Cheese is a comfort food. The pre-packaged, snack size, perfectly shaped string cheese will do in a pinch, but what you really want would be real cheese. Some days I’m in the mood for some cheese curds, which we can occasionally get out this way. Some days the saltiness of real Wisconsin string cheese is needed. Some days nothing will do but the rind of some aged brick. It is also hard to find the meaty snacking cheese, like salami or bacon cheese, out here. Good thing I have a supplier back in Wisconsin who sends care packages when possible.
You expect to wake up to snow at least some days in March. People expect the Tahoe ski hills to have snow into May at least, but away from the resorts people are taken by surprise by snow in March and take it as an attack from Mother Nature if there is snow in April. For me, March was when we started to see the lawn occasionally between snow storms. Usually by Easter, in early April, the lawn was a muddy mess rather than covered in either a blanket of snow or lush green grass. That doesn’t mean no more snow for the season, just that it has all melted at least once before the Easter Bunny visits. I could not imagine living in Las Vegas where any day it snows becomes a holiday for everyone except traffic officers and tow truck operators. Then again, in the desert of Las Vegas even rainy days are a nightmare for anyone who has to be on the roads.
You pronounce the name of our great state the correct way. There is a subtle difference in how a Wisconsinite says their home state and how the rest of the world says it. It took me a long time and a lot of careful listening (something my family would say I’m not always the best at) to figure it out. It is agreed that there are three syllables and the emphasis is on the middle one. The difference is where the first and second syllables are split. Someone who grew up in the state will likely put the first four letters in the first syllable, so it would rhyme with disc, then go on to emphasize the next two letters (on) an end with sin. A non-cheesehead would only put the first three letters in the first syllable, making it wis, emphasize the con and end with sin. We are not as particular about how to pronounce our state as someone from Nevada, where people will correct you if you say it incorrectly in public and may not purchase a product just because of a mispronunciation in an advertisement. I do, however, notice a difference when a character on a TV show claims to be from Wisconsin. Then again, usually they say they are from Milwaukee which we all know is really just a suburb of Chicago and follows the dialect of that state.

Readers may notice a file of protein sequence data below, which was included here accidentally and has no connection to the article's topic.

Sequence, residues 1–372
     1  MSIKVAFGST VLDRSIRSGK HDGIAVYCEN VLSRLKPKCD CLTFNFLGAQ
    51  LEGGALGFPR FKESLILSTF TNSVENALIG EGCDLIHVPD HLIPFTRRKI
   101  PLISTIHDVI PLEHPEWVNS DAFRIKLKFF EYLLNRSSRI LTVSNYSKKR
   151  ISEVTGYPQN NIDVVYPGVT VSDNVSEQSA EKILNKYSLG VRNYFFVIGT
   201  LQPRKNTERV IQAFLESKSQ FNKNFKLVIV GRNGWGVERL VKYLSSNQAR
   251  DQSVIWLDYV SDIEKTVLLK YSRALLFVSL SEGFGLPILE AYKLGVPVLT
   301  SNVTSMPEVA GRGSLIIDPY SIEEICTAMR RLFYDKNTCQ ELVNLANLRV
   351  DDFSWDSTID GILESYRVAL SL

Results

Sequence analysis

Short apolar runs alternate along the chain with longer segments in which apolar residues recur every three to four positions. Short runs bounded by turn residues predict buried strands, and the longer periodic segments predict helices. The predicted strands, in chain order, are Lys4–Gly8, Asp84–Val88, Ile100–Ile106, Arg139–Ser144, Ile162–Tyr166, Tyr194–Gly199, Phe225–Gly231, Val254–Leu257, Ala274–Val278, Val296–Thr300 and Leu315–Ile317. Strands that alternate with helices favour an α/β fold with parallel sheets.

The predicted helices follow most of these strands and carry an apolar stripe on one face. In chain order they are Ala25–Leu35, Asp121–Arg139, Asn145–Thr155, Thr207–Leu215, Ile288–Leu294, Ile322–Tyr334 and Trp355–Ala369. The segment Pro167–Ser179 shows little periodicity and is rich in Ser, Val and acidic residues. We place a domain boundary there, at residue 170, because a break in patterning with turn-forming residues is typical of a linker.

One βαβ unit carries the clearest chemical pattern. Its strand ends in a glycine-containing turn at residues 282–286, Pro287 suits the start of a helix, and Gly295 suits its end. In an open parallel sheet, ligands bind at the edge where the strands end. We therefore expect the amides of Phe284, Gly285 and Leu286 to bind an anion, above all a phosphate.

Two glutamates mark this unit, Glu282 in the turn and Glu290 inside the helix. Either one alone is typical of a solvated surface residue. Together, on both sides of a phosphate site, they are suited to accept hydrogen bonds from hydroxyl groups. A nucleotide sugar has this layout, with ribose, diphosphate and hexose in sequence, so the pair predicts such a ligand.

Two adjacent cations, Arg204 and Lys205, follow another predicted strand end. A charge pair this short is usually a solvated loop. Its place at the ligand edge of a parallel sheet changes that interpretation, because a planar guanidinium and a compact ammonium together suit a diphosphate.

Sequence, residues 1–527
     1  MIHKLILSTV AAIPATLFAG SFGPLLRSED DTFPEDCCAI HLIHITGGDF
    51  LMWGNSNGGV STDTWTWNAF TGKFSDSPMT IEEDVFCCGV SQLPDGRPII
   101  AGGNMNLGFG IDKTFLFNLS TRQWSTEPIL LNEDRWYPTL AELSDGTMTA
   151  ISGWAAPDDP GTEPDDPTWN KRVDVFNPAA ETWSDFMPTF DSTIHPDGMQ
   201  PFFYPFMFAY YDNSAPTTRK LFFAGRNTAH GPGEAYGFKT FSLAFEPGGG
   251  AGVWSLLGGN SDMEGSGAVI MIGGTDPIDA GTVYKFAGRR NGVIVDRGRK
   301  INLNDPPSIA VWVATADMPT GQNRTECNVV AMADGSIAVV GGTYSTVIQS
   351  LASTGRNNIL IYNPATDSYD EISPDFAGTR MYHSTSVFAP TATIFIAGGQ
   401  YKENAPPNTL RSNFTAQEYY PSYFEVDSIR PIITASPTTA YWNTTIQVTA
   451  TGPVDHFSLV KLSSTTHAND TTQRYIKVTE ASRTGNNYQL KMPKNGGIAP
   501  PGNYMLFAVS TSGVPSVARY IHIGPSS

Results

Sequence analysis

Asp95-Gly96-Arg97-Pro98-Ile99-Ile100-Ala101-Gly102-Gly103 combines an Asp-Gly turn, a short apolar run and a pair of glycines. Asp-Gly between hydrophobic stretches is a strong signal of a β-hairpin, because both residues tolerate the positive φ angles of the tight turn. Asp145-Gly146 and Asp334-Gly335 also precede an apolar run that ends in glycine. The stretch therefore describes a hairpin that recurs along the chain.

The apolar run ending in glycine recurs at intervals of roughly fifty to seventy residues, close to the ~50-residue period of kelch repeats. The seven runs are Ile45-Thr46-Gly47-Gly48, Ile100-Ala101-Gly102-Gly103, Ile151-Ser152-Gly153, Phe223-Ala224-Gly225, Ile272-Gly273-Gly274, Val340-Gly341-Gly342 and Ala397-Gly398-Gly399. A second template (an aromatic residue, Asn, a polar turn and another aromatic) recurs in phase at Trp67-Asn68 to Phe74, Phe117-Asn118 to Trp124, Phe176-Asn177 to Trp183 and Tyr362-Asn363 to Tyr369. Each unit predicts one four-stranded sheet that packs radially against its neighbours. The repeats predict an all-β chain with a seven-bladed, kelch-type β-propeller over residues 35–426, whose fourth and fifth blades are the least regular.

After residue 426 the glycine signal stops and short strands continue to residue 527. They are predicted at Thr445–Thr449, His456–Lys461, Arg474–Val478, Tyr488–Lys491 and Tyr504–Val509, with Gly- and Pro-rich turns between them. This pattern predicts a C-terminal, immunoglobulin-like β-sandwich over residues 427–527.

The world is full of alphabet soup. As a special education teacher, I’m spouting out acronyms left and right. A writer friend on Facebook asked for help coming up with a phrase that would create an acronym to spell out a specific name for a robot character. We have become a country of letters that stand for emotions, actions, and everything we can shorten.
I blame Twitter, at least in part, for the explosion of complete phrases that have become a single word or series of letters. This, however, is not new. We have had radar and sonar around for a while, so long that they are no longer capitalized, are defined by words other than just the phrase they replaced, and are legal words in Scrabble.